Non-native speech production II: Phonemic errors by position-in-word and intelligibility

Tessa Bent, Bruce Smith, Danielle Lodewyck, and Ann R. Bradlow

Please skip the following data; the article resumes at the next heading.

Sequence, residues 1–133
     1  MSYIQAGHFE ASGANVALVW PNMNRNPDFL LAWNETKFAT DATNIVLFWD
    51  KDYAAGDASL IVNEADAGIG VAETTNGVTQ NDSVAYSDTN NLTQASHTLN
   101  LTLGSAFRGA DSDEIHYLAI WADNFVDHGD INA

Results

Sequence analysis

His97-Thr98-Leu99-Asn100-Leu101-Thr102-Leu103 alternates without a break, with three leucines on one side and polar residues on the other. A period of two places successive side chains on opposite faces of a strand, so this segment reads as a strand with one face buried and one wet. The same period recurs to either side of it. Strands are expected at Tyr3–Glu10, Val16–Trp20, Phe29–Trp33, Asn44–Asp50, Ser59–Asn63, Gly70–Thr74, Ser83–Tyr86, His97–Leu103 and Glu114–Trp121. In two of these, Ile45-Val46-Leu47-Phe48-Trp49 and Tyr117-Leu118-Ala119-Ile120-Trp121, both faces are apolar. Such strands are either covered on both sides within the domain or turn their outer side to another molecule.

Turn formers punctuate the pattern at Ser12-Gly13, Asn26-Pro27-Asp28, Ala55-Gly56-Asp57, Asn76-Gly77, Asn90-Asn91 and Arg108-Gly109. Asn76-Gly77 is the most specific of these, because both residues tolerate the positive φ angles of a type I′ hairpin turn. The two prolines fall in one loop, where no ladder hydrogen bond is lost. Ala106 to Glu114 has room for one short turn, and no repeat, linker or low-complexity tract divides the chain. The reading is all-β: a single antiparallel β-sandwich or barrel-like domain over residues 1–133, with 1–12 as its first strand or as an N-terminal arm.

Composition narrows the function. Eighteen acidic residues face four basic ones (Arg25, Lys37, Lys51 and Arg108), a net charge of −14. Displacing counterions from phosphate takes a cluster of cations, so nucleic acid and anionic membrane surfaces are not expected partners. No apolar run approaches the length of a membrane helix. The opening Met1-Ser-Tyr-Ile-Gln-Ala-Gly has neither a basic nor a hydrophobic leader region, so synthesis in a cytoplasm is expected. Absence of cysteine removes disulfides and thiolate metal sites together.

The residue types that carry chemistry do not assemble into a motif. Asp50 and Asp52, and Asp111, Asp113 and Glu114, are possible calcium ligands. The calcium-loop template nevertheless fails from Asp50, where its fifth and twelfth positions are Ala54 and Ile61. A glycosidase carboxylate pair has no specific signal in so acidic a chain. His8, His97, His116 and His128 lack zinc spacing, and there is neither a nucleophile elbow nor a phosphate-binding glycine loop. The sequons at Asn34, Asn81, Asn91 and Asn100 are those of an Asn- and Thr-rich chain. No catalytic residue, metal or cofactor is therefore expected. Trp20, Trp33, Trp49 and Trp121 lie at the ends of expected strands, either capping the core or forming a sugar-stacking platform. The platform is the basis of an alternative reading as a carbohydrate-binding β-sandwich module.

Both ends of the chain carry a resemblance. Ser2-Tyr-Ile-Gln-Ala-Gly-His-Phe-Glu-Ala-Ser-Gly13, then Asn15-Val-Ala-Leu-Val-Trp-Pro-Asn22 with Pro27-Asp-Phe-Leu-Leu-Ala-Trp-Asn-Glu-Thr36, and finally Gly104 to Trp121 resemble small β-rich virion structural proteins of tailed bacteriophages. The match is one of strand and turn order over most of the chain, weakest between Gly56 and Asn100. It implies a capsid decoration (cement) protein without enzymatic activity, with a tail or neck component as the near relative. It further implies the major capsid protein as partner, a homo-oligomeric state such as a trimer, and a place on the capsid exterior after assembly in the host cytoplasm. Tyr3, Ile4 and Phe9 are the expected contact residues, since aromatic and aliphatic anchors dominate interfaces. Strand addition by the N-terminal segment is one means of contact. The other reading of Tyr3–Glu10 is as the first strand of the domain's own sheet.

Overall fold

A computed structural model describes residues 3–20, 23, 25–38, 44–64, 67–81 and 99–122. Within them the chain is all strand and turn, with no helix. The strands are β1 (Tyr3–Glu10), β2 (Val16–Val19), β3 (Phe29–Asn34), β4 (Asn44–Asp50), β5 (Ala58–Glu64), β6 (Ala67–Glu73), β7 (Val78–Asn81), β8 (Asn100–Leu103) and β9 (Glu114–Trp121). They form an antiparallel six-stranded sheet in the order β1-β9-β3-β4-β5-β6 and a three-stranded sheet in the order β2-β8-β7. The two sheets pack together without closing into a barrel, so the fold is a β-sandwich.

This study considered the distribution of non-native talker phonemic errors by position-in-word, and their differential effects on non-native speech intelligibility. Based on the structure of words in the native language of the talkers (i.e. Chinese), it was hypothesized that word-initial phonemes would be produced more accurately than word-final phonemes. Additionally, based on models of lexical access (e.g. cohort model), it was hypothesized that phonemic errors in word-initial position would be more detrimental to intelligibility than phonemic errors later in the word. Fifteen talkers of Chinese-accented English produced sixteen simple declarative sentences. These recordings were phonetically transcribed to determine the number and type of production errors and presented to native English listeners for intelligibility testing. Results showed that, as predicted, word-initial phonemes were produced more accurately (92% correct) than word-final phonemes (82% correct) (t(14) = 3.815, p<.01). Furthermore, word-initial singleton consonants and vowels correlated with intelligibility (Rho = .738, p<.01 and Rho=.692, p<.01 respectively). In contrast, initial and final consonant clusters, word-final singleton consonants, and within-word consonants were not significantly correlated with intelligibility. These results demonstrate that, for a variety of talker- and listener-related reasons, a phoneme’s position within the word exerts an important influence on both its production and perception.